Furlough errors: what to do
HMRC has started sending letters to employers it considers may have claimed too much under the coronavirus job retention scheme. It will be issuing 3,000 letters a week, an estimated 27,000 in total, urging employers to review their claims and rectify any errors.
An overclaimed CJRS grant includes any amount that an employer was not entitled to receive, or any amount that they were no longer entitled to keep after their circumstances changed - for example, if they no longer employ the employee but they continued to receive the grant for them after they left.
If the employer notices the error within 72 hours of making the claim, it is possible to delete the claim in the online service.
Employers that identify an overpayment of the grant have to pay it back to HMRC. They should do this by notifying HMRC in their next claim. This will result in an adjustment of that claim. If they are not making another claim, they should contact HMRC by telephone in order pay the money back.
Employers who have overclaimed a grant but not repaid it must notify HMRC by the later of:
- 90 days after the date they received the grant
- 20 October 2020
If they do not notify HMRC within this timescale they may have to pay a penalty. Where employers notify HMRC of the overpayment, HMRC will make a tax assessment for the amount owed and the employer will have to pay within 30 days, otherwise interest and late payment penalties will apply.
Where an employer has claimed too little, it must still ensure it pays its employees the correct amount. It should contact HMRC to amend its claim and this will result in additional compliance checks by HMRC.
Furlough fraud and abuse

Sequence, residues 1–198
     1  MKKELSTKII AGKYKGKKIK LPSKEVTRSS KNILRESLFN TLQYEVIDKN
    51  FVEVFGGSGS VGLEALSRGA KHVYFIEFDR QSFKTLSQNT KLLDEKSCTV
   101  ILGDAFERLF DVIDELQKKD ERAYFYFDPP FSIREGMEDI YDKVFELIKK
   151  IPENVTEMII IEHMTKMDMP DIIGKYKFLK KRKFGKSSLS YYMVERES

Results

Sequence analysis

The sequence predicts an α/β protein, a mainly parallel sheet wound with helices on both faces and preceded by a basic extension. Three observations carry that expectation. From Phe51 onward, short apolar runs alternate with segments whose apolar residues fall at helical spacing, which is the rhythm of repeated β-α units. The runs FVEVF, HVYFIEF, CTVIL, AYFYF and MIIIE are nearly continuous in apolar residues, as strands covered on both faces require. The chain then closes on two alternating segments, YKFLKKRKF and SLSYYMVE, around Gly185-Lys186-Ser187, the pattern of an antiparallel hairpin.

Cases of fraud or other abuse of the job retention scheme include, but are not limited to, claiming for employees who are still working (or for hours they are working, if flexibly furloughed) and not using the grant to pay furloughed employee costs.
As with errors in claims, HMRC will also recover the overpayment through a tax assessment and issue penalties. These can be as high as 100% of the overpayment. Company officers will be jointly and severally liable where they deliberately made a claim the company was not entitled to make and both the individual and the company may be named and shamed. The company and its officers could also face criminal sanctions. Back in July the police arrested a man on suspicion of defrauding the scheme to the tune of £495,000 and as at 22 July HMRC had received 6,749 reports of furlough fraud.
The Government has published a fact sheet containing information about the recovery of overclaimed grants and associated penalties.
The articles published on this website, current at the date of publication, are for reference purposes only. They do not constitute legal advice and should not be relied upon as such. Specific legal advice about your own circumstances should always be sought separately before taking any action.